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2015 MRF Research Grantee
FINAL REPORT: Investigation of the serotonergic system in the migraine brain using positron emission tomography
Published in NeuroImage Clinical, January 2018
Published in Sage Journals, August 2018
Serotonin has for decades been highlighted as a key neurotransmitter in migraine pathophysiology, and it has been hypothesized that migraine is a chronic low serotonin syndrome. However, studies of brain serotonin levels in migraine have so far given conflicting results. Here we investigated brain serotonin levels in episodic and chronic migraine patients using PET imaging of the 5-HT4 receptor. The 5-HT4 receptor is inversely related to brain serotonin levels and can therefore be used as an indicator of serotonin levels. We hypothesized that migraine patients would have higher 5-HT4 receptor binding (lower brain serotonin levels) than controls. We also hypothesized that migraine frequency would be related to brain 5-HT4 receptor binding, such that increasing migraine frequency would result in higher binding and lower brain serotonin levels. We investigated 15 episodic and 16 chronic migraine patients and found that compared to the 16 controls, all migraine patients had higher serotonin levels. We also found that migraine frequency was not related to brain serotonin levels.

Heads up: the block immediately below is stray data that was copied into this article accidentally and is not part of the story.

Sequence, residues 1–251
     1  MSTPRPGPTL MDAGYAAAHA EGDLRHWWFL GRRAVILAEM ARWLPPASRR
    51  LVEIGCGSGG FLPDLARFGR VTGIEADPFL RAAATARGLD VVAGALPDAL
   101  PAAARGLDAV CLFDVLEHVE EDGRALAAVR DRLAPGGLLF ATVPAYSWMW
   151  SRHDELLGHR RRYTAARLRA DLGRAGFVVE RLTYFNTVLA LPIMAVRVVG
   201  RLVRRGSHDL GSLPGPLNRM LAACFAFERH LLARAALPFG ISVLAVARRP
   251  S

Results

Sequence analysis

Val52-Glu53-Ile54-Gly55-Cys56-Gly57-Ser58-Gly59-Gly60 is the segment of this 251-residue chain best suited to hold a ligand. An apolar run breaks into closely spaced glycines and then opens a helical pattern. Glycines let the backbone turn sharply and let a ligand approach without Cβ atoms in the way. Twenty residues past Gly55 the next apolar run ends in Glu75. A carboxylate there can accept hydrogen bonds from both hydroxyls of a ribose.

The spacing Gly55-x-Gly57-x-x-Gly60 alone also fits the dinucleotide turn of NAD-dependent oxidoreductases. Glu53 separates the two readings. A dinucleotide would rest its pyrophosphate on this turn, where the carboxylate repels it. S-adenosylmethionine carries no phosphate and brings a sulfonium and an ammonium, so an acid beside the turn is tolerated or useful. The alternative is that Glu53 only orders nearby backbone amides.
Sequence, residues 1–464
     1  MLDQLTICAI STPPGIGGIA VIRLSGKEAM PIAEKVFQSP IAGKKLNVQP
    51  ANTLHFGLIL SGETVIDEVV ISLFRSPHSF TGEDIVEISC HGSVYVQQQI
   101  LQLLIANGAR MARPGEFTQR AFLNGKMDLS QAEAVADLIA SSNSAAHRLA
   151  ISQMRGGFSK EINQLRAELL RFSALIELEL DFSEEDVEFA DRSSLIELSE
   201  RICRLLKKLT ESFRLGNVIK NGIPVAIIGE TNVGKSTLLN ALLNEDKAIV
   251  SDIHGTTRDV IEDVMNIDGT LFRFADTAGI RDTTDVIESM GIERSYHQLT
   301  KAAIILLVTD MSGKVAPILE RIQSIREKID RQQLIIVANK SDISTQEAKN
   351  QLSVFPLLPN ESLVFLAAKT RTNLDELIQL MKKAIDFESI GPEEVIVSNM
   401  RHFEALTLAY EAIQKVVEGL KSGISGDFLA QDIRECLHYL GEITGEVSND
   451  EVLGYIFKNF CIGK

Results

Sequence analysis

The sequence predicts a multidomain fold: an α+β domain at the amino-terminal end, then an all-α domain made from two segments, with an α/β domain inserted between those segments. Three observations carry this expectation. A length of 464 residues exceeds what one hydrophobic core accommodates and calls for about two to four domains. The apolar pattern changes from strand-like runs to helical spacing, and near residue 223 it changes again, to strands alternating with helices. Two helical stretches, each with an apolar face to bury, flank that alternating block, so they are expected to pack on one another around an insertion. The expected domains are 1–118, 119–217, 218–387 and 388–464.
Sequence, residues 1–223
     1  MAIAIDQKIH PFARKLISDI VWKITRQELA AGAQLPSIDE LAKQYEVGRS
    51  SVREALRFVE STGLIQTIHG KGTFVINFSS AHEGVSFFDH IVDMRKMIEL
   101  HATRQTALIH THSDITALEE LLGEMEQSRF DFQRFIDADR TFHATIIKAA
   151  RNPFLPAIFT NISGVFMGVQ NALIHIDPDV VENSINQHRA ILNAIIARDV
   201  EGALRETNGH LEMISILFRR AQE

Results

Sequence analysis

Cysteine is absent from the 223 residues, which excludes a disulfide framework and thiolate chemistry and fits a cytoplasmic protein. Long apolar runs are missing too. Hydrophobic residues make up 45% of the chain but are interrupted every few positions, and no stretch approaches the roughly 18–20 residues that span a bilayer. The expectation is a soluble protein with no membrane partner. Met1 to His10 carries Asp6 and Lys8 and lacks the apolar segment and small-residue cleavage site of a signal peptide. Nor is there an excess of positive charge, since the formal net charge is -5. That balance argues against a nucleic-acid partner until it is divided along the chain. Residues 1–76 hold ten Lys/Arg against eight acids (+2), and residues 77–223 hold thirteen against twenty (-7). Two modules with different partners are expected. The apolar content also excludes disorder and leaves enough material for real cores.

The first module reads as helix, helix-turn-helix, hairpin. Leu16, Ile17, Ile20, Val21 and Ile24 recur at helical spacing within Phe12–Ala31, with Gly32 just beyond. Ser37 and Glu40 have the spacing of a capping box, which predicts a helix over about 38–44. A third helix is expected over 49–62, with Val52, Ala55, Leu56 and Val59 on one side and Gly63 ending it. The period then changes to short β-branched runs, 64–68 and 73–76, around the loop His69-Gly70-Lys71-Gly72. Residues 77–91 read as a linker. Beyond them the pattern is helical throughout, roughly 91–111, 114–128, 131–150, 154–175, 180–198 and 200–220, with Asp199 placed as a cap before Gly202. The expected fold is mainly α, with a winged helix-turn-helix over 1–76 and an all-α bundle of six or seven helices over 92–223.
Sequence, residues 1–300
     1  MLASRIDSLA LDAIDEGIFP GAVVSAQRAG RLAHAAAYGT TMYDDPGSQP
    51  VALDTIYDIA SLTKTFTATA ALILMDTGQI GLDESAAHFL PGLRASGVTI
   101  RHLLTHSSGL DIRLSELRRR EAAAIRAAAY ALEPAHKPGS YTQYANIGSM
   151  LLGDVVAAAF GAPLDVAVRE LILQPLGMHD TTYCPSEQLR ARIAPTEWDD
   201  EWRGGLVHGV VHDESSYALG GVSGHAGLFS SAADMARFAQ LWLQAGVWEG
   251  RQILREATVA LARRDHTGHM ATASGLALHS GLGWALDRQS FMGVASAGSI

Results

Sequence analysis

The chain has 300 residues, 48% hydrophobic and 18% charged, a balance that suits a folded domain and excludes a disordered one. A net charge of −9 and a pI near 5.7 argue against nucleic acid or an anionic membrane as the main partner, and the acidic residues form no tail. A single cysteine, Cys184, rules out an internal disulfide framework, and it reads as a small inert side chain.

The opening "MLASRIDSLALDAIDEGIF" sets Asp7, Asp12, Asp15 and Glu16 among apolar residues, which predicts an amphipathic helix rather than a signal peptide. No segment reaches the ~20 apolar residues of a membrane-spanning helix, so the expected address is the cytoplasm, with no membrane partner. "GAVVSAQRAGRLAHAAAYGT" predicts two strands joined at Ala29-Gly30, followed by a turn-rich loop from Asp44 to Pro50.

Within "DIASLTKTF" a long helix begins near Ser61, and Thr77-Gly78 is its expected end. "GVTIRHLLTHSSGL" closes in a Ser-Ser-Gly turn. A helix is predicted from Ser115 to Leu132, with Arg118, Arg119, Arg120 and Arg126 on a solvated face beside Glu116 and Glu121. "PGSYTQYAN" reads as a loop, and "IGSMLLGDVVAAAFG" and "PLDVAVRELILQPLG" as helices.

Hypothesis vs. Findings
Based on previous studies, we hypothesized that episodic migraine patients would have lower brain serotonin levels compared to controls. However, using an advanced neuroimaging technique, we found that episodic migraine patients actually had higher levels than controls. After these findings, we adjusted our hypothesis for chronic migraine patients. Instead of expecting lower brain serotonin levels compared to controls and to episodic migraine patients, we then expected to find higher levels. Our revised hypothesis was confirmed with the finding of lower binding (higher brain serotonin levels) in chronic migraine compared to controls. We found that both episodic and chronic migraine patients had higher levels than controls. However, we found no association between brain serotonin levels and migraine frequency.
Our studies in migraine patients showed that brain serotonin levels could not be used as a biomarker for conversion from episodic into chronic migraine. High levels might, however, be used as a biomarker of the migraine brain. To what extent high brain serotonin levels could contribute to the susceptibility to migraine attacks remains unknown and should be addressed in future studies.
What this Research Means to You
Our findings suggest that increased brain serotonin levels may be a fundamental condition of the migraine brain.